Interview - Jim Fogarty, garden designer

In September 2009, garden designer Jim Fogarty decided to create a 100 per cent Australian garden on British soil.

Jim Fogarty, garden designer - image: Jim Fogarty
Jim Fogarty, garden designer - image: Jim Fogarty

Working with the horticulture team from the Royal Botanic Gardens (RBG) Melbourne, Fogarty developed a design based on RBG's Australian Garden in Cranbourne. The final phase of the 18ha project will open in 2012, for which this week's RHS Chelsea Flower Show is providing the perfect marketing platform.

Q: What is the idea behind your Australian Garden at Chelsea?

A: The Australian Garden in Cranbourne tells the story of the journey of water and we have taken the same brief but adapted it. We start in the outback with saltpans, water holes and sand. Then the water bubbles up into a river and cascades down a gorge, ultimately disappearing underground again so we have a full cycle. The challenge has been exhibiting plants from all the regions: outback, coastal, inland gorge, residential areas and temperate.

Q: How have you worked around the import laws?

A: We can send the seeds because they are not in the soil. It has been challenging, but even if we could send the plants over there would be transport shock and quality issues because it is such a long journey. We sent over seeds of some quite rare Australian turf, which is now growing in York.

We had some rare and threatened plants from seeds that were sent to the Millennium Seed Bank at Royal Botanic Gardens, Kew as well, which are now growing down in Somerset. Other plants we have sourced from nurseries in Spain and Sicily that grow quite a lot of Australian plants, but there are still problems with timing the flowering.

We have had to go through a complex spreadsheet with all the plants and timings and it was a bit unknown because it is really up to the climate. It is a rare thing for the Chelsea show to have a garden with 100 per cent Australian plants and it's not something that an Australian entry could do every year, so it's important to raise the bar.

Q: Have there been any hurdles along the way?

A: Not really. It's been quite smooth. It helps that I have done Chelsea before. The important thing is to design something that you know will fit within the space. This year, the space has been cut short because the RHS is protecting some neighbouring trees, so that was a challenge, because I had to cut out a couple of metres from my original design. Luckily I was still able to fit those bits into the smaller design.

Q: What do you want people to take away from it?

A: This is a plant-lover's garden. I want people who see it to appreciate that even in places that suffer drought there is a massive variety of flora. We have really interesting plants that a lot of people here wouldn't even know existed - a diverse range of flowers, colours, foliage and shapes. Also, I don't know whether people really understand how big Australia is. We have cool areas, snow areas, outback and tropical. It's so diverse.

Q: What is the difference between working with your native plants and others?

A: Australian plants are a lot hotter in colour - reds, oranges and yellows - very vivid, bold and dominating colours that normally you might not include in a garden if you wanted to create a subdued, calm and relaxing atmosphere. They are in-your-face and evoke images of the vast blue sky and the red outback sand.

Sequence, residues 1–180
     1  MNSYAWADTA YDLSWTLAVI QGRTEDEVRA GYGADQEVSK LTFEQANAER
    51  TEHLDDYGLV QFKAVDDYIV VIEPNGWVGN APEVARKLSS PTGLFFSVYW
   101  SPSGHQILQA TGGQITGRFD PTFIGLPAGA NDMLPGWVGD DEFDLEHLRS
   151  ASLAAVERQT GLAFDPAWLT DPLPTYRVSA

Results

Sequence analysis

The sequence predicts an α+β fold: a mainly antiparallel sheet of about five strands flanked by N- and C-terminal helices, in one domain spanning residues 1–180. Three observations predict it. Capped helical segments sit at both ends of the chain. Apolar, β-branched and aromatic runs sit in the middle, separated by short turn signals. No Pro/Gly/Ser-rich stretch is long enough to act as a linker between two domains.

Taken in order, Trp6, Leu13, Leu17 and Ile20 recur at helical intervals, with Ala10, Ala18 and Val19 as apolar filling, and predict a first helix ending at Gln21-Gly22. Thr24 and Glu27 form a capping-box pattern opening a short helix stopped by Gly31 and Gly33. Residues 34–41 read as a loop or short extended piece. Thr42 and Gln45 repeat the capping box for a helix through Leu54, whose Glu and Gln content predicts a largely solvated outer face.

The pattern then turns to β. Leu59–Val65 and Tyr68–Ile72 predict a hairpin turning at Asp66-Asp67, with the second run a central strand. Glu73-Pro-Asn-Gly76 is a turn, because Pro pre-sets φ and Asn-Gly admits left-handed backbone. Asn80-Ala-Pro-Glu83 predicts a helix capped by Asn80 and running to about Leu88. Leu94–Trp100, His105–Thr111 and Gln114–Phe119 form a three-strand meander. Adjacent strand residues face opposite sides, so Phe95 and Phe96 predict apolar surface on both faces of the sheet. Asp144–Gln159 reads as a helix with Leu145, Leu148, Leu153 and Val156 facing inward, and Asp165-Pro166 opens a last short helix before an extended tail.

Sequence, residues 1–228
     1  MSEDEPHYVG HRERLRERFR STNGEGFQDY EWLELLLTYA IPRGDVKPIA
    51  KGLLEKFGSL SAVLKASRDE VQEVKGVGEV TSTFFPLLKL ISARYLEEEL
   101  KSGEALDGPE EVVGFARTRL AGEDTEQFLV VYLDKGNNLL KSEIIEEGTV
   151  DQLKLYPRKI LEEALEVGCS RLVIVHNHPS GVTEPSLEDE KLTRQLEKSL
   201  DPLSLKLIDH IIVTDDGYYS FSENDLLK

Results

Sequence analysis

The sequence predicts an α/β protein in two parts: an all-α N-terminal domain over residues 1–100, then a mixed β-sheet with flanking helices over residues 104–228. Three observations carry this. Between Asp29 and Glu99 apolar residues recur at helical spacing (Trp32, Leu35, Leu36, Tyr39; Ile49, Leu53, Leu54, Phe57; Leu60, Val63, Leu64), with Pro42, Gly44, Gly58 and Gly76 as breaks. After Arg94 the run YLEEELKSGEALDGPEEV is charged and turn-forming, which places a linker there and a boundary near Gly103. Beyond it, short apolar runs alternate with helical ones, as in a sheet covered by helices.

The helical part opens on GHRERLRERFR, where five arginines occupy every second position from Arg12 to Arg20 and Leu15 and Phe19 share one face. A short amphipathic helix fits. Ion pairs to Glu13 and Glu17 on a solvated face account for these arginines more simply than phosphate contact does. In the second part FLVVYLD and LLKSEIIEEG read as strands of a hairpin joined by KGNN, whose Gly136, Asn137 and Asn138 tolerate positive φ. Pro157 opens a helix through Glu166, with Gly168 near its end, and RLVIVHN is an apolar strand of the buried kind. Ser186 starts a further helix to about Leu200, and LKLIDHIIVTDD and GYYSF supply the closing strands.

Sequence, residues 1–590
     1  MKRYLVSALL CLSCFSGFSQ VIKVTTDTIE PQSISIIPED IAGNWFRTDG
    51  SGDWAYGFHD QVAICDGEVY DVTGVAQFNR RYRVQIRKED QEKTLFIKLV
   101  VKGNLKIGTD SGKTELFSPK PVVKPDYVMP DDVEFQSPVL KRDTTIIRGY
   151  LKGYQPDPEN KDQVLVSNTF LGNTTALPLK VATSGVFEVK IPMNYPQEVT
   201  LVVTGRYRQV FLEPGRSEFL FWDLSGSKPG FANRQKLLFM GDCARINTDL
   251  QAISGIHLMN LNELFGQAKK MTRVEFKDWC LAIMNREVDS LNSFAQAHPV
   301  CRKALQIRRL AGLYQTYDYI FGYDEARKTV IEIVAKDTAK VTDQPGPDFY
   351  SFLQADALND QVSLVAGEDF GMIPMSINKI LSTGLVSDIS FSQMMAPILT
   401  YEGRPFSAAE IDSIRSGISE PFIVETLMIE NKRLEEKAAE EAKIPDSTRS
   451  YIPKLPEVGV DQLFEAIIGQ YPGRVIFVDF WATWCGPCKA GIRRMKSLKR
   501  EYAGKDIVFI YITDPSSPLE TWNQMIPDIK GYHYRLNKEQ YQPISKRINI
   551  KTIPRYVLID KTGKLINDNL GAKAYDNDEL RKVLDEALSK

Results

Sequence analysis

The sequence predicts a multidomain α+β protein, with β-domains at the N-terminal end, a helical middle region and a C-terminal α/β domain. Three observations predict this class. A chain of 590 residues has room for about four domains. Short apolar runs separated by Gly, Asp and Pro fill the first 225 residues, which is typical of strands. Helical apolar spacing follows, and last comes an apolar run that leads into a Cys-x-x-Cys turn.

Q: Do you prefer domestic or show designing?

A: Show gardens keep me inspired, it's exciting and it's a great way to meet people. Domestic work is actually a very lonely career path. You're normally a small business that employs few staff, if any, and a lot of the time you are on your own designing, sourcing things and you can feel very isolated. But doing international shows you meet designers from all over the world and it's inspirational to see their passion.

Q: What do you learn from international shows?

A: I may see a Japanese design with native flowers and I will learn about those plants, find out what they mean in a cultural context and develop a different understanding for them, whereas some people may just see them as a product. In Japan, plants can be incredibly religious and spiritual and I have a lot of respect for that.

Q: How different is showing in Singapore and Japan from Chelsea?

A: Chelsea is the biggest show in the world. It has bigger budgets, more gardens and it is highly competitive. There are some amazing designers here. In Singapore and Japan there is a bigger cultural difference so I work with Japanese, Chinese and Singapore contractors. There are language barriers and people can be far out of their comfort zones. There is no doubt that the level of competition at Chelsea, is world class. You can't rest on your laurels. The other shows are a great training ground.

CV

1992: Graduated from Burnley Horticultural College with a horticulture diploma majoring in landscape design and construction

1992-96: Various landscape design and construction roles

1996: Presented weekly TV gardening spot on Network Ten's Monday to Friday show

1997: Set up Jim Fogarty Design

1998: First show garden at Melbourne International and Garden Show

2004: Won silver-gilt flora show garden award at RHS Chelsea

2006-10: Show gardens in Singapore and Japan


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